An amplifier can in a sense, “hold you over” for a while, until in the unfortunate event, your hearing loss gets to the point that you need hearing aids.

The good news is, if you have a mild hearing loss, a good amplifier may provide just as much help as a hearing aid would at this early stage of hearing loss.

3. You primarily want to hear better around the home, in quiet, one-on-one listening environments.

Modern hearing aids have advanced directional microphones and sophisticated algorithms to process sound in noisy environments and make it easier to separate speech from background noise.

Although some amplifiers can improve speech understanding in noisy environments, they don’t do this as well as hearing aids, and a study has shown that some PSAPs may even make it harder to hear in noise.

If you (mostly) need help hearing around the home, and don’t have a particularly hard time hearing in noise, an amplifier is a good option.

3 reasons you should buy a hearing aid

  • Hearing aids can provide more power
  • Hearing aids are more comfortable and discreet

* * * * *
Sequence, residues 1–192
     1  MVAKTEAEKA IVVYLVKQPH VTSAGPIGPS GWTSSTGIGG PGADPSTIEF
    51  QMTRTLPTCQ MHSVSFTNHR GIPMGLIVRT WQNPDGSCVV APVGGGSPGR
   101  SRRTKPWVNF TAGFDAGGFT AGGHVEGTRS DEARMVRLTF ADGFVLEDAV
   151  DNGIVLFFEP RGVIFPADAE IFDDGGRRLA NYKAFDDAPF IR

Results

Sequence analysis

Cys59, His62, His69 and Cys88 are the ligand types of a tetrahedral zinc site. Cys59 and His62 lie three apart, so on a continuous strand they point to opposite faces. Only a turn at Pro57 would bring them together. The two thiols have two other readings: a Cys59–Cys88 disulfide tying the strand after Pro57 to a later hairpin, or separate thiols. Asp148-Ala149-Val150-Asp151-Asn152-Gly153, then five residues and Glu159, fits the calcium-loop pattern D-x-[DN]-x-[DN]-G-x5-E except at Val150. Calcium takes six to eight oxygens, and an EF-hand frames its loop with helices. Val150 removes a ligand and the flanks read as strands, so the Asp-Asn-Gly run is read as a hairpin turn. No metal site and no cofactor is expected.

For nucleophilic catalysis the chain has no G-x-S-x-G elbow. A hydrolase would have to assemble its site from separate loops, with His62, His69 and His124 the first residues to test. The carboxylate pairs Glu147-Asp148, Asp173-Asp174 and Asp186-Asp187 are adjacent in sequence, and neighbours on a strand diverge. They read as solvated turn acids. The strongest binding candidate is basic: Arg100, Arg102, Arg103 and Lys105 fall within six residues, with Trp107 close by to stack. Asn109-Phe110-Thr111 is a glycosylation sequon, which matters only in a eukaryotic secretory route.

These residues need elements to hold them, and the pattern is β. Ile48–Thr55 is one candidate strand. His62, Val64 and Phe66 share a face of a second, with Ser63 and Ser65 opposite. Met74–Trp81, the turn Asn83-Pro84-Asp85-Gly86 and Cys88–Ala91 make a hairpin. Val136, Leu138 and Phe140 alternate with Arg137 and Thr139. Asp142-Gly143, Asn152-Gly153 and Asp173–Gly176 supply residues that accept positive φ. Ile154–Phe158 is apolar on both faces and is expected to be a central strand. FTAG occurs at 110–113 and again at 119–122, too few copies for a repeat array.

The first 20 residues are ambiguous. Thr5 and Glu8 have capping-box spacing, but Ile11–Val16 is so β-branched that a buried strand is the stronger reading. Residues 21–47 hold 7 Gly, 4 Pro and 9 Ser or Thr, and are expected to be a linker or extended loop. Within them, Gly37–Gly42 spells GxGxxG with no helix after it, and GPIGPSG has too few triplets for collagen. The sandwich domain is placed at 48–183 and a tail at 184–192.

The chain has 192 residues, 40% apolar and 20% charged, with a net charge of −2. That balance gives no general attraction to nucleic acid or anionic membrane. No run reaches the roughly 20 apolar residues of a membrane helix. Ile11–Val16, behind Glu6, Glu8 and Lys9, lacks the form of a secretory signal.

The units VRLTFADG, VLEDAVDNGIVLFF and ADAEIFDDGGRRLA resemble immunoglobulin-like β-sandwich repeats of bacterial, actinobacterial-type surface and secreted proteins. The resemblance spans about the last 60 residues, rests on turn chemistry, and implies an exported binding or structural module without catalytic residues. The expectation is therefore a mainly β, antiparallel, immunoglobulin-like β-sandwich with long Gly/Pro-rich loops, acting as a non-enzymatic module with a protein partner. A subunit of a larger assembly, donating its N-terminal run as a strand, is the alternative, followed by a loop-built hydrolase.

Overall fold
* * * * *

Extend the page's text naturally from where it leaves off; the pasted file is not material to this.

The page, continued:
• Hearing aids have more sophisticated features and can be personalized

1. Hearing aids can provide more power

A recent study has shown that users with more significant hearing loss get more benefit from hearing aids, as compared to amplifiers, as hearing aids are able to provide more power (volume) than amplifiers.

Amplifiers don’t provide nearly as much power as hearing aids, for 2 reasons:

  • If they did, users would run the risk of permanently damaging their hearing by turning them up too loud.
  • Because amplifiers can’t be custom molded, regardless of how loud they are turned up, a lot of the amplification “leaks” out of the ear.

If you have a mild hearing loss, this may not be a big deal, but if you have a moderate-to-severe hearing loss, missing out on that amplification is a very big deal.

2. Hearing aids are more comfortable and discreet

This piece from Wirecutter is probably the most comprehensive article on the net about PSAPs, and here’s what their reviewers had to say about the comfort and discretion of amplifiers-

“Although our testers found the top-performing PSAPs generally helpful, they agreed that each model they tested had serious flaws, such as a hopelessly unfashionable look, or the feel of a pair of earplugs.”


Any hearing device you intend to wear for more than a few hours a day should be comfortable.

You know how your ears can sometimes get very sore after wearing headphones too long?

The same thing can happen with amplifiers, because they aren’t custom-fitted or sized to the wearer’s ears.

As a result, they’re also more likely to fall out, and produce feedback, which is an annoying high-pitched whistling sound that you, (and others) can hear.